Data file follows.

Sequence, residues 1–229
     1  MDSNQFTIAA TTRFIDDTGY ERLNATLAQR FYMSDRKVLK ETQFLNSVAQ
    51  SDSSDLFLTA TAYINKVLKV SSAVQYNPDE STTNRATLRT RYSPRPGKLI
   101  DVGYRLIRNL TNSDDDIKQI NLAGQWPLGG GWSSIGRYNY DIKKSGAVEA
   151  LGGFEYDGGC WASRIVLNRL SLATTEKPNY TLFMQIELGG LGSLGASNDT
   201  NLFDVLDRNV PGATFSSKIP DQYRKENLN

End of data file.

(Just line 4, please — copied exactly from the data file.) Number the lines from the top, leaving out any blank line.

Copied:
   101  DVGYRLIRNL TNSDDDIKQI NLAGQWPLGG GWSSIGRYNY DIKKSGAVEA